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Old 04-26-2010, 10:11 AM   #198
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All of the major countries we compete with have well paid unionized teachers.
"The United States paid the third lowest average salary to public primary and upper secondary school teachers with minimum training plus 15 years of experience (about $40,000) (figure 1). Compared to the United States, England, Scotland, Japan, and Germany reported higher average salaries for public primary and upper secondary school teachers with minimum training plus 15 years of experience.
Keep in mind, though, that an apples-to-apples comparison has to include the value of benefits. In some countries the employer may not have to directly pay for any health care benefits, and some countries may have national pension systems that are external to the employer group. In such cases these other countries would not have direct employee health insurance and pension costs, so that can result in higher base pay.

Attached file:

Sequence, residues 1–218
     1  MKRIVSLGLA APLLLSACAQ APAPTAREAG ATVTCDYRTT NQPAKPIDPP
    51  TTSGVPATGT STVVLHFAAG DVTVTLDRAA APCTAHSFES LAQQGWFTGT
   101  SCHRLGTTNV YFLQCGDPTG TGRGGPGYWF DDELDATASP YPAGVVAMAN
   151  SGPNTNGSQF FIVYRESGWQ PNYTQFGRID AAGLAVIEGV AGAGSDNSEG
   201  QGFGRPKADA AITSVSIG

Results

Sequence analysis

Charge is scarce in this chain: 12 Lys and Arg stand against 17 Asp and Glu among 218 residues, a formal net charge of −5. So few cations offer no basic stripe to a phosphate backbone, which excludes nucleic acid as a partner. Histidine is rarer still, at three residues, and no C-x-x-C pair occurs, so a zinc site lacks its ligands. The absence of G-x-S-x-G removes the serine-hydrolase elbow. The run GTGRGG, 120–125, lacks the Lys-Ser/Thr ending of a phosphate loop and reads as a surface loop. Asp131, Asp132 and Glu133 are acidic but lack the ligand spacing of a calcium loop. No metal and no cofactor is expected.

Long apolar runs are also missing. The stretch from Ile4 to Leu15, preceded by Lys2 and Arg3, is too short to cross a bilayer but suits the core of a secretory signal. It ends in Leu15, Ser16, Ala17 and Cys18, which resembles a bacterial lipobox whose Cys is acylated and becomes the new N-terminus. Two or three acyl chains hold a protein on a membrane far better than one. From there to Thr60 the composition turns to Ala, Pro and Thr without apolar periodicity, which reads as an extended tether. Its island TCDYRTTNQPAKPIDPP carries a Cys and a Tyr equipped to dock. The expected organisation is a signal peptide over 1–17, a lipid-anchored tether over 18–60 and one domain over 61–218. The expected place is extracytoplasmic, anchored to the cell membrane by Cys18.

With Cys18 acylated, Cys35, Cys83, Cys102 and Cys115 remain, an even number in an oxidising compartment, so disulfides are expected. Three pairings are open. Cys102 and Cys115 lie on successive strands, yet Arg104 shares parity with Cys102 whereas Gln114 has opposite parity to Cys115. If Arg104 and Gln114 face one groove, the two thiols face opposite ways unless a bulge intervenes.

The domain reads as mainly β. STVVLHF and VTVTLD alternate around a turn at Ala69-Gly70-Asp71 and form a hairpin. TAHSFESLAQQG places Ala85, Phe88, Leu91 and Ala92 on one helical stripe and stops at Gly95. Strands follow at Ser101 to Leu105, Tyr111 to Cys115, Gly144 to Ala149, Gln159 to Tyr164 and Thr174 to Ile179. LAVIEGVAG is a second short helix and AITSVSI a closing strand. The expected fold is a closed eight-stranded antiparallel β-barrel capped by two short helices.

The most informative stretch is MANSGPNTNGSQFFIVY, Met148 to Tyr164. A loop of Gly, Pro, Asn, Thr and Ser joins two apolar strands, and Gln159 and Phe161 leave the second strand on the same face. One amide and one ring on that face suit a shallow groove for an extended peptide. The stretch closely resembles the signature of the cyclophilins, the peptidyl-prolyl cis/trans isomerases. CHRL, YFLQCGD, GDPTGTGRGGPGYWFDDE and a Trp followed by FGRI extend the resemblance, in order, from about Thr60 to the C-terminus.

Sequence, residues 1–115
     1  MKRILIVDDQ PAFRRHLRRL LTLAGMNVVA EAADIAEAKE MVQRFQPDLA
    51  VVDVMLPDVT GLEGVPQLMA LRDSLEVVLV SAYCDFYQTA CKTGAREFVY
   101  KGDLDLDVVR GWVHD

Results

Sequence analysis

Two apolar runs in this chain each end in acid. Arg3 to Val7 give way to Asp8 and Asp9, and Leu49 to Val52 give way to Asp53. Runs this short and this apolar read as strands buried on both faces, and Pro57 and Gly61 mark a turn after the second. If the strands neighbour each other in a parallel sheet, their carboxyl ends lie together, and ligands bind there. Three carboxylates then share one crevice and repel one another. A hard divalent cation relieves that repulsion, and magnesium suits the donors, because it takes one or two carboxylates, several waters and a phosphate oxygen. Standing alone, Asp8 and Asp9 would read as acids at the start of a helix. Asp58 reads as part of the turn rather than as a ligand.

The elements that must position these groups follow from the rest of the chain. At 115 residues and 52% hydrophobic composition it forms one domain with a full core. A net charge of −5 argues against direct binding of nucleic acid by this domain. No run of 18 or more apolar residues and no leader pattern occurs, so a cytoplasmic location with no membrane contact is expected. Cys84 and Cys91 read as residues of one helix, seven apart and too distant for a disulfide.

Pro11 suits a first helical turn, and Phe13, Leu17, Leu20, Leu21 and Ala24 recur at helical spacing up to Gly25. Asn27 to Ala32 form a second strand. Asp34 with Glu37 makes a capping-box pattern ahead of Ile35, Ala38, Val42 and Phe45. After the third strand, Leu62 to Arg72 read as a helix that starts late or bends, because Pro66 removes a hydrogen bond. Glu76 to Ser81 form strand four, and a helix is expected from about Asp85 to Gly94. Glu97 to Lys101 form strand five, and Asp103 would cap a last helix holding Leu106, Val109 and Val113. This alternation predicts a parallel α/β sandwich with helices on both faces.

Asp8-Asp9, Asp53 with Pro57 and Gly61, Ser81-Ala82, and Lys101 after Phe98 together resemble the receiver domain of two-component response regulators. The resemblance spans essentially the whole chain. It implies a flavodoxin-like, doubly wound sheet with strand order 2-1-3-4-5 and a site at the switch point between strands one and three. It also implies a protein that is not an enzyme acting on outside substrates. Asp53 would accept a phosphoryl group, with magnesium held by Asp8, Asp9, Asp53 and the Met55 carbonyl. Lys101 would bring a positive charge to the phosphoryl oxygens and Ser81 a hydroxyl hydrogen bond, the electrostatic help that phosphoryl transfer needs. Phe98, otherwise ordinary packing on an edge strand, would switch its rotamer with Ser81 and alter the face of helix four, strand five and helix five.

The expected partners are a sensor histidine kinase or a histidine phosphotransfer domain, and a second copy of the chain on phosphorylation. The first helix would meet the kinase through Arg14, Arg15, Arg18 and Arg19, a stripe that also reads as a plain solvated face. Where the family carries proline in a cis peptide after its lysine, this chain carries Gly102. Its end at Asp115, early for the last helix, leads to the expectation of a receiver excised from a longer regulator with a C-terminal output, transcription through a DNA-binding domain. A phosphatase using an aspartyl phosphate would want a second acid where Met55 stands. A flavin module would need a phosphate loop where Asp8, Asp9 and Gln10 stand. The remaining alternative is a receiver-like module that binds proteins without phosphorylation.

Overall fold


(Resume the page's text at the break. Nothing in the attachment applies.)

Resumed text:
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Old 04-26-2010, 11:30 AM   #199
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Keep in mind, though, that an apples-to-apples comparison has to include the value of benefits. In some countries the employer may not have to directly pay for any health care benefits, and some countries may have national pension systems that are external to the employer group. In such cases these other countries would not have direct employee health insurance and pension costs, so that can result in higher base pay.
I'm laughing because it was the Germans who invented employer health insurance and pensions.
A German schoolteacher pays nothing towards the pension, which is very generous. about 70 percent of salary
Health insurance is more complicated and is split
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Old 04-26-2010, 11:47 AM   #200
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I'm laughing because it was the Germans who invented employer health insurance and pensions.
Meaning what? There are a lot of countries being compared here, and Germany is only one. Remember what I said: "In some countries...."

One possible counterexample does not negate the statement above. "Some" is not "all" or even necessarily "most."